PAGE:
WILLIAM SWINTON was largely responsible for the popularisation of dinosaurs in Britain in the 20th century. He divided his long career in museums into two parts, radically different but equally successful. He spent the first part in England as a geological curator specialising in dinosaurs, where his skills in communicating his enthusiasm for his subject to the general public brought him greater delight and renown than did the routine museum tasks of exhibitions, curation, fieldwork and research. His latter years were spent in Canada as a leading museum administrator, in which capacity he displayed remarkable organisational abilities.
Swinton was born at Kirkcaldy, Fife, in 1900, and was educated at Morgan Academy, Dundee, Whitehill School, Glasgow, Trinity College, Glenalmond, and Glasgow University. At Glasgow he was Secretary and then President of the University Geological Society, took part in an expedition to Spitzbergen, and also played rugby for the university; he graduated with the equivalent of First Class honours in 1922. Although he had begun to specialise in fossil mammals, in 1924 he was appointed Curator of Fossil Amphibians, Reptiles and Birds at the British Museum (Natural History) in South Kensington, London, in which post he remained until 1961.
Swinton produced many publications, mostly short, semi-popular or philosophical papers but a few rather more esoteric; one, for example, showed that remains from Nigeria, supposedly of dinosaurs that appeared to have survived the dinosaurs' extinction some 65 million years ago, were in fact those of gigantic crocodiles. His fame, however, stemmed originally from his popular book The Dinosaurs (1934). It might be compared unfavourably with the plethora of beautifully illustrated dinosaur books now available. But it must be remembered that it was based on a much smaller store of information and lacked the benefits of modern book design and colour printing. At the time, it created a great deal of interest, being the first - for a long time the only - popular book on the subject. It led Swinton to branch out into popular lecturing and public relations, in both of which he excelled. He developed a great interest in the use of the museum in children's education, helping to improve and update the appropriate exhibitions, and would sometimes conduct the young Princesses Elizabeth and Margaret Rose on private tours of the galleries, storerooms and laboratories.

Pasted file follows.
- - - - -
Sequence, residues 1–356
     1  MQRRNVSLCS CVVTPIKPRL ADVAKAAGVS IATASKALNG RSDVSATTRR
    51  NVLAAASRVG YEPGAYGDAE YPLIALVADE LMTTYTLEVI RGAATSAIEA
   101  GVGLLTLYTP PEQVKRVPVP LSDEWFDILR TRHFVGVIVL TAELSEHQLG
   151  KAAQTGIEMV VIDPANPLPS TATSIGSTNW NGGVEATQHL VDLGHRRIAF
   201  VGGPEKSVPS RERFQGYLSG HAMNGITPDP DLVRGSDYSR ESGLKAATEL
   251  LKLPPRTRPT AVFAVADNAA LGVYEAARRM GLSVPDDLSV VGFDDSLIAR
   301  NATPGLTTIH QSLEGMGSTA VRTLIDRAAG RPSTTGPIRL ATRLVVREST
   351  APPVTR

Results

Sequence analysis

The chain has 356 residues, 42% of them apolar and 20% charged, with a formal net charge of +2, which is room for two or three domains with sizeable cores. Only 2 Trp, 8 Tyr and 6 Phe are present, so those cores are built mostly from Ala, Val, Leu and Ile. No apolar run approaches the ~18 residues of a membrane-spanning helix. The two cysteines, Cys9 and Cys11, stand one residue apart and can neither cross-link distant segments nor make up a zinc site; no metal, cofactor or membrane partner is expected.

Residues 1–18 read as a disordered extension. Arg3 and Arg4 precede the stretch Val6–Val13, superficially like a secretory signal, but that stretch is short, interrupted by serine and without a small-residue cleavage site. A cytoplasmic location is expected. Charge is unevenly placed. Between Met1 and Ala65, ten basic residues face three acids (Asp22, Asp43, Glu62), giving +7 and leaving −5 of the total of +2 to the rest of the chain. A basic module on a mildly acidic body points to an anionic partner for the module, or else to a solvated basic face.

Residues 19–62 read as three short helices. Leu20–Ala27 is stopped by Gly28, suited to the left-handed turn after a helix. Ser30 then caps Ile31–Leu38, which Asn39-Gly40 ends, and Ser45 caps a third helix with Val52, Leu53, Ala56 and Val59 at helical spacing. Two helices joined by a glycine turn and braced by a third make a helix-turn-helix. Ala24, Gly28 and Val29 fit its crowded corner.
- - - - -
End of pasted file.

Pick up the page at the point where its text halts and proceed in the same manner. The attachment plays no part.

During his tenure of office Swinton occupied many voluntary extramural positions associated with geology and zoology, among them Secretary of the British Association for the Advancement of Science, President of the Museums Association, Editor of the Museums Journal and Editor of the Proceedings of the Geological Association. He helped found the Natural History Museum's dramatic society and was also an ardent supporter of Chelsea Football Club.
His career in the museum was interrupted by the Second World War, during which he served in Naval Intelligence as a lieutenant- commander. After the war he wrote three popular Museum Handbooks (Fossil Amphibians, Fossil Reptiles and Fossil Birds) and often appeared on television, notably in the programme Animal, Vegetable or Mineral. In 1959 he received the Darwin Medal.
In 1961 Swinton retired from the Natural History Museum in London to become Head of Life Sciences at the Royal Ontario Museum in Toronto. He was promoted to be Director of the entire ROM, a huge institution where he was able to continue the modernisation of the exhibits. The University of Toronto also appointed him Life Professor of the History of Science at Massey College.
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